And many female athletes will continue to wait as well. It is no secret that women in sports notoriously receive a significantly less amount of media coverage than male athletes do. We’re used to that, right? We get less of everything in life like our paychecks, right?
I’m impatiently waiting for the 2016 Olympics in Rio so I’ve been watching clips of past Olympics games and USA athletes such as Michael Phelps, Shawn Johnson, Shaun White, Ryan Lochte, Gabby Douglas and the list goes on. But the one thing I noticed is the coverage of these athletes, not just specifically these five athletes, but of women and men as a whole, is uneven.
Let’s talk Olympics…
The viewership of the Olympics is fairly even between men and women tuning in to the games, but then again, who doesn’t want to watch America kick butt?! But what were the men and women watching? Well it turns out that women want to watch “women” sports. According to a study conducted by two professors at the University of Delaware and the Youth Program Director for San Antonio Sports, women want to watch non-contact, gender neutral sports, but its not because they don’t want to see the violence in something such as rugby or hockey. Women want to know the emotional backstories that are broadcasted about the athletes playing. Women want a reason to watch and an opportunity to connect with those on TV.
According to Nielsen, 56 percent of the 2010 Olympic viewers were women, but only 41.4 percent of Olympic coverage was devoted to female athletes. This may not seem like a lot but this is a significant higher number than it has been for the past 20 years. Olympic events such as alpine skiing and snowboarding have more equal coverage of the genders, but when it comes to figure skating, females take the gold in media coverage and in freestyle skiing, men take the gold in media coverage.
Is it realistic to expect 50/50 media coverage in the Olympics? I think it depends. I think there are too many factors that play into the media coverage such as the countries in the event, the quality of the home country’s participants and medalists. As an American, I don’t think I had much interest in coverage of Ukraine versus Russia in Women’s Curling, but if USA was playing, I’d want to watch. I wouldn’t care to watch the gymnast finals if USA wasn’t competing and so on. So should the media coverage depend on the year, the athletes and the events? Or should media coverage strive to be 50/50 in coverage of a co-ed event? What about sports as a whole?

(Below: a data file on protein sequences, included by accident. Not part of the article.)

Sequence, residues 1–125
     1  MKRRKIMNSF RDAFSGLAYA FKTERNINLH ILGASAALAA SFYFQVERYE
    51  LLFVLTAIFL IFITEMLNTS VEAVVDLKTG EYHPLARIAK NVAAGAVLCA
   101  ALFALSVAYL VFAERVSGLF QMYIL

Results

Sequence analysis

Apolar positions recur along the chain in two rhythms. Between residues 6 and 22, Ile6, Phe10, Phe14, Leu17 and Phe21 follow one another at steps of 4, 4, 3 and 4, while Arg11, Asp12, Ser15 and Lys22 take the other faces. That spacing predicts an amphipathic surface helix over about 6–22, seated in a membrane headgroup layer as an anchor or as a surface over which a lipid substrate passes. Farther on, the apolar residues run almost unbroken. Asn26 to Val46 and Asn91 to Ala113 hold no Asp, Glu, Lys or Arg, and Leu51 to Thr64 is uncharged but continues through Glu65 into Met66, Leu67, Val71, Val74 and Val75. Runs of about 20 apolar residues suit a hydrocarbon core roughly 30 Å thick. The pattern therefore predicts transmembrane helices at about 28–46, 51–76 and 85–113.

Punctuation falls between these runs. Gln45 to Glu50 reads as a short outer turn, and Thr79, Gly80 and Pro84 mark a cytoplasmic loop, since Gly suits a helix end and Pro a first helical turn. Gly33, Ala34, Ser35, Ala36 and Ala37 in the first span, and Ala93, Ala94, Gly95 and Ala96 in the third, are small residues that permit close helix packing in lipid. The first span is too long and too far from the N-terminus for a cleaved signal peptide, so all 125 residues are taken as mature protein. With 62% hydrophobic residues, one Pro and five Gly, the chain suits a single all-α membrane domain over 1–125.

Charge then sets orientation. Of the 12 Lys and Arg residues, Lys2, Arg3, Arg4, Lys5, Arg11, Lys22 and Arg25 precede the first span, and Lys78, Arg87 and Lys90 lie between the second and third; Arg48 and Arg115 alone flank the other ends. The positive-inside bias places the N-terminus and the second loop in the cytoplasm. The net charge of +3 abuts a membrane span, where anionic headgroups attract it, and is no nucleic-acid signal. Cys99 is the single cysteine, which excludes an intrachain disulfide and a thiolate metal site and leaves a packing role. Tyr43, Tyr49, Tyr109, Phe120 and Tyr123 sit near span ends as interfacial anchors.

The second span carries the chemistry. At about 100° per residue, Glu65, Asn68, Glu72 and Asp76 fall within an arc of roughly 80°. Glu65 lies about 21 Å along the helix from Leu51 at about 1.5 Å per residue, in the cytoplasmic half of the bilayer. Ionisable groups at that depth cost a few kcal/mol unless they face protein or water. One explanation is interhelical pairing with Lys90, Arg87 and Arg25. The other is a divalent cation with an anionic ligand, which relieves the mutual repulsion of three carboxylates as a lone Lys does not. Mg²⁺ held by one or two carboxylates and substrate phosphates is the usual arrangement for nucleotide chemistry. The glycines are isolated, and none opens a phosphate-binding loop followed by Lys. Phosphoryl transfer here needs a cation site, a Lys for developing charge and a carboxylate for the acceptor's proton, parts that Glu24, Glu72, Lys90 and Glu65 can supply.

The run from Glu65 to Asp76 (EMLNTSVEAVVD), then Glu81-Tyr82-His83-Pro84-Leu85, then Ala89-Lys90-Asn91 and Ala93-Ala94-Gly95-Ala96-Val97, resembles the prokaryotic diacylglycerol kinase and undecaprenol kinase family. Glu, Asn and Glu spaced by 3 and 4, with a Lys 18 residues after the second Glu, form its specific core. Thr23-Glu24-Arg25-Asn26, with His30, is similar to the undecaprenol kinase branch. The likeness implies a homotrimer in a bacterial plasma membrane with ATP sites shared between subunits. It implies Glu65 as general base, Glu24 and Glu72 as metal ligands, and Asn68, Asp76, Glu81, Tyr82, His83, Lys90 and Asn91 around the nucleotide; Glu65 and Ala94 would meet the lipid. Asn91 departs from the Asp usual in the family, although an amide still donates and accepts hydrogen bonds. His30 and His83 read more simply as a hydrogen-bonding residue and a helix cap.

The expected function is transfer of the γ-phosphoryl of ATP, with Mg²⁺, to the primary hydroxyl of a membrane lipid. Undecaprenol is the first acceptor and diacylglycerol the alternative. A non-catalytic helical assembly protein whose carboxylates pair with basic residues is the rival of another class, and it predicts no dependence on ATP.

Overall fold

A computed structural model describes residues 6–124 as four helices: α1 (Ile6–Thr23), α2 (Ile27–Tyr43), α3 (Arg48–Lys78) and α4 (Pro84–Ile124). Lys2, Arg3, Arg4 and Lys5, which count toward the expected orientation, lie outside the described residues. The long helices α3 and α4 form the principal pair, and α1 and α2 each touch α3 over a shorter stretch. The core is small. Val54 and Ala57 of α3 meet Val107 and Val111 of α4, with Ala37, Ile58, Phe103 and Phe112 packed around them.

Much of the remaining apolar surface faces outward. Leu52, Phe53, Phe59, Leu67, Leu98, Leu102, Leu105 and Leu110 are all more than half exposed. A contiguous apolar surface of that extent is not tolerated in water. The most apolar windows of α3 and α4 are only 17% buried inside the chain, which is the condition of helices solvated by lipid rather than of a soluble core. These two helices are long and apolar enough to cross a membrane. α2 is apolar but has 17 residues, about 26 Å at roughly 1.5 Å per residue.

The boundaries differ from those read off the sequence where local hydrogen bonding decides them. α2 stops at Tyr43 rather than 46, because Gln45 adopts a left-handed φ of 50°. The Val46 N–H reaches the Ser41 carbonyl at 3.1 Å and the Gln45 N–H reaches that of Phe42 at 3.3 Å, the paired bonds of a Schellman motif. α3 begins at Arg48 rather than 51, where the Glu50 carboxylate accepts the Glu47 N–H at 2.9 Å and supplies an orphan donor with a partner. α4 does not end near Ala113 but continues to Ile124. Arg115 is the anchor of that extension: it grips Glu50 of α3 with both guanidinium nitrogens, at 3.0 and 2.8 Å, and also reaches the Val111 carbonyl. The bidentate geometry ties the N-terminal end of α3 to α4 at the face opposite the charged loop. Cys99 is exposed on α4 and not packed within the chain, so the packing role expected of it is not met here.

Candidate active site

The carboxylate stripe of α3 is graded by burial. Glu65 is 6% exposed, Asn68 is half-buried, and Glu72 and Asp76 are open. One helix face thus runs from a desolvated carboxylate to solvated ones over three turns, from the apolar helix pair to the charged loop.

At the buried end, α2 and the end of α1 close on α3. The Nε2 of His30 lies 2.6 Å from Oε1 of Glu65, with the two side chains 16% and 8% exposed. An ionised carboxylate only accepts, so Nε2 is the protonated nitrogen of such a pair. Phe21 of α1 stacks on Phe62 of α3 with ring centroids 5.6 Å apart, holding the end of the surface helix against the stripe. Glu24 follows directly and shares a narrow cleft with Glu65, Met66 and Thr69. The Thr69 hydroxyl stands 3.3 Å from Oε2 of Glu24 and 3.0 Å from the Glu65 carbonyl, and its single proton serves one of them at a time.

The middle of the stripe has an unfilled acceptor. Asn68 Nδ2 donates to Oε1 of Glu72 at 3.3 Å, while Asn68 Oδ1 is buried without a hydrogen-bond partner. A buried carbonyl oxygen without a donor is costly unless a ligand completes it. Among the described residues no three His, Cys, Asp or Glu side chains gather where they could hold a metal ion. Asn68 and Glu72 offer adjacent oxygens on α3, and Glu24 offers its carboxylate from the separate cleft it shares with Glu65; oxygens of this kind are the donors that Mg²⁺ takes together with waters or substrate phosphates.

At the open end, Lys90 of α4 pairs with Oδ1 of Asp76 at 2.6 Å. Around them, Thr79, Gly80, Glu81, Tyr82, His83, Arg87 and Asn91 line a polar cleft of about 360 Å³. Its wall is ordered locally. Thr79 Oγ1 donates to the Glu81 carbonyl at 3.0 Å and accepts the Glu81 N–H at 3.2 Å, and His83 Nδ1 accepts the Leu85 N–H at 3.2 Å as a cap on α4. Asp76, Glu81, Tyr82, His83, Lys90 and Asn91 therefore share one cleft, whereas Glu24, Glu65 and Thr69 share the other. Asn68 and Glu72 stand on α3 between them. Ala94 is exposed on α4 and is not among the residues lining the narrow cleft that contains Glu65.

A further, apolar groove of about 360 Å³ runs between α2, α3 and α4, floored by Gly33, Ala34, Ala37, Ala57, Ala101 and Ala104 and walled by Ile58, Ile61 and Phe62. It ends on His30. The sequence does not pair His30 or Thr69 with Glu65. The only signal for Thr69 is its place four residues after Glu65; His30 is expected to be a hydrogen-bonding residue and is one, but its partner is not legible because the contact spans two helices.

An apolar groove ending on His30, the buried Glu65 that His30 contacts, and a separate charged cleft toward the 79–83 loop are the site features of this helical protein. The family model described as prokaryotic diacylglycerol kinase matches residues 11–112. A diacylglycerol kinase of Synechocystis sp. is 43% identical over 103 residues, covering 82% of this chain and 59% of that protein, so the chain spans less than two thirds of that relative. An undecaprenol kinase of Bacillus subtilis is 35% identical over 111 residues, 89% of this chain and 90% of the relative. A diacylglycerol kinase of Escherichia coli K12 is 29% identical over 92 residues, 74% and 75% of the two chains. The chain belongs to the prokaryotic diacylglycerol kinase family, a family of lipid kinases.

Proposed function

Let’s talk ESPN…
Let’s say that 40 percent of all athletes are female and only receive 4 percent of media coverage. (Which is true). How do you think ESPN covers females?
It is no secret that ESPN is the leader in sports broadcasting. ESPN dominates sports TV with 7 stations always playing sports related shows or features.
The channels are:
- ESPN News
- ESPN Classic
- ESPN Deportes
What gender do you think ESPN covers more frequently? If you said male, you are correct.
I took a look at the primetime schedule for six ESPN channels over the next week and found an astoundingly low number of women’s sports being broadcasted live. I did not include ESPN3 because ESPN3 features many different live events at the same time to stream online.
There are ZERO women’s live sporting events featured on ESPN during primetime. Which is even less than the video states, although the video wasn’t concerned with only primetime media coverage. The only time viewers can find a women’s game during prime time is on ESPN3, broadcasting on their smartphone or tablet.
If you want to see for yourself, just visit ESPN.
As a woman who loves sports, I would rather watch a men’s basketball game over a women’s basketball game. But this doesn’t mean I don’t want to watch women’s sports at all.
Only 11 WNBA games are broadcasted in a whole season on national TV. There are more than 11 NBA games a week that are nationally televised.
Why is this? Is this because no one cares? Do you care? What are your opinions on the media coverage of female athletes?
Check out my blog Girls and the Game and let me know what you have to say.
Credit all authors of images used in both article and as cover image : Lindsay Miller